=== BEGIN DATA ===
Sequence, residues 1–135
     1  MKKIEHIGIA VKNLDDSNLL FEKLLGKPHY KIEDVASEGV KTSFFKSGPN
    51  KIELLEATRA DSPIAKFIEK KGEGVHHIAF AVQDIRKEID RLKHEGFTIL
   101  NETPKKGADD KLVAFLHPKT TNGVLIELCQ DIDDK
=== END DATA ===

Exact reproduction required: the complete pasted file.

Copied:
Sequence, residues 1–135
     1  MKKIEHIGIA VKNLDDSNLL FEKLLGKPHY KIEDVASEGV KTSFFKSGPN
    51  KIELLEATRA DSPIAKFIEK KGEGVHHIAF AVQDIRKEID RLKHEGFTIL
   101  NETPKKGADD KLVAFLHPKT TNGVLIELCQ DIDDK